Pete paid Joe off and thanked him for a fast, efficient job.
A couple of weeks later Pete got a letter from an attorney. It said that one of the tenants in the duplex had the newly re- paired porch collapse under him, causing him to fall down, break his arm and dislocate his shoulder. The injury meant he would miss at least a month of work, plus he had the hospital and doctor bills to pay. The letter from the attorney demanded that Pete pay $5,000 for the damages.
Pete went into shock. Immediately he called Joe’s phone number. Disconnected.
Pete then called his attorney and told him the situation. He said he would check into it. Pete called his insurance agent. He told Pete that he wasn’t covered. Ideally, Pete should have had an umbrella policy that would protect him from problems such as this, but he had decided he didn’t need one.
A few hours later Pete’s attorney got back to him. His news was far from good. Joe, it turns out, had had his contractors li- cense revoked and his bond used up because of other shoddy work he’d done. There was no listing for him with the phone company and the ad wasn’t in the paper any more.
Then, Pete’s attorney explained the facts of life to him. Sure, if they can find him, they can sue Joe, probably get a judgment, and probably never collect. Pete, as the person who hired Joe, though, was ultimately responsible for any damage and/or injury that came about as a result of his work. Pete’s options are to pay up now or go to court, where he will surely lose and have to pay not only for the injury to the tenant and his lost wages, but also court costs. “Settle while you can,” suggests the lawyer.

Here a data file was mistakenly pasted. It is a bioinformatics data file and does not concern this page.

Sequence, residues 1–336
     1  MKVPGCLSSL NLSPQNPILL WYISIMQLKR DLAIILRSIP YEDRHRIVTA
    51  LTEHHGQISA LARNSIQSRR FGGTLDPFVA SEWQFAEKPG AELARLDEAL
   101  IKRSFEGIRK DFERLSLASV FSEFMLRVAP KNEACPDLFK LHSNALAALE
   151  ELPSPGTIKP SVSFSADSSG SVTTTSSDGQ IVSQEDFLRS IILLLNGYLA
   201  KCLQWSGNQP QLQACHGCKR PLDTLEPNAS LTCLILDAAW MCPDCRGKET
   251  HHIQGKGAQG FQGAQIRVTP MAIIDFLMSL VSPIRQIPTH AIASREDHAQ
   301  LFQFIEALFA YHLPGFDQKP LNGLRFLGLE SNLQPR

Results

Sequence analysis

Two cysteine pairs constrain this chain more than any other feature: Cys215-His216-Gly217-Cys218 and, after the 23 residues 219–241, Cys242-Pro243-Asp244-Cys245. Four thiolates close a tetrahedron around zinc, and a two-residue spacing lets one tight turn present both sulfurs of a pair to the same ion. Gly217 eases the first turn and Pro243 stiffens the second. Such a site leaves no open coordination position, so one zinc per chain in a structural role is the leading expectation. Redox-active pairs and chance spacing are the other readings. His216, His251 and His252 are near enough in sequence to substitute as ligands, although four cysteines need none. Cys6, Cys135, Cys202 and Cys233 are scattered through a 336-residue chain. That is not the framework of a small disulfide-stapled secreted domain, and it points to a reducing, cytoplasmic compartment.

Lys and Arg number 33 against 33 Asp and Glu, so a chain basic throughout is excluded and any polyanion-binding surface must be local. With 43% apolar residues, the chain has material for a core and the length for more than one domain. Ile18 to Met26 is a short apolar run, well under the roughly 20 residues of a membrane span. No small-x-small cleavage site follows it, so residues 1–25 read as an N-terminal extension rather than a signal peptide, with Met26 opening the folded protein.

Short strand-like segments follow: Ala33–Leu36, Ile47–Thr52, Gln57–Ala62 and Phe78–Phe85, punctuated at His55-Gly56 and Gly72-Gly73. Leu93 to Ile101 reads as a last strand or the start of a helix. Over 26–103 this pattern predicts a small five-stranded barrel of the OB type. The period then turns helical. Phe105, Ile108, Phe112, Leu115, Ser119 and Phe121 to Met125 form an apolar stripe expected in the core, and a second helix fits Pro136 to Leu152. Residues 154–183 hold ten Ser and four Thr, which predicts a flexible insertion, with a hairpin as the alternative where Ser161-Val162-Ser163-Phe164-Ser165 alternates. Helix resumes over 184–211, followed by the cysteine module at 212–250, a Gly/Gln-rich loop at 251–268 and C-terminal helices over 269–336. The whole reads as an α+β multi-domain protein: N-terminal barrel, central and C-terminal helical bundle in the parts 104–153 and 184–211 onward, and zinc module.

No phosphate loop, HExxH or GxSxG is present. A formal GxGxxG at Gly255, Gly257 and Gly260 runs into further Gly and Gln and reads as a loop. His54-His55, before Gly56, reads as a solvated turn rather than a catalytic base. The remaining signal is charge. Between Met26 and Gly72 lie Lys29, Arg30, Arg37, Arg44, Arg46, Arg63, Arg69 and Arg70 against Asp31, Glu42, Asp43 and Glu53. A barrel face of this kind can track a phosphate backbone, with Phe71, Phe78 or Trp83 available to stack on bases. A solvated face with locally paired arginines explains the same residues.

No, this story is not an actual case, even one where the names have been changed to protect the foolish and miserly. How- ever, it might as well have been a real situation. The facts of the case fit exactly what has happened to so many landlords. Trying to save $10, they put themselves at risk for losing thousands.
Smart and experienced landlords usually have regular contractors they use for re- pairs and maintenance on their rental properties. They know the work these folks do will never result in a tenant or a tenant’s guest being injured and will al- ways look and be professional.
But think about this: even if there were no injuries of any kind, the entire situation of landlord Pete raises the obvious question: what kind of job can we expect from an inexperienced, incompetent or careless contractor, or a contractor who doesn’t even believe he is running a business? It is simply bad business to allow people to work on your investments who will not do a workmanlike job.
At some time in the future we may want to sell a property. Sloppily done work is usually obvious. Look at a great deal of property, and we can spot it in an instant. In addition, buyers may want to see permits taken out for any repair and remodel work done on the property.
Sloppy work fetches a sloppy price at best, the paying end of a judgment at worst.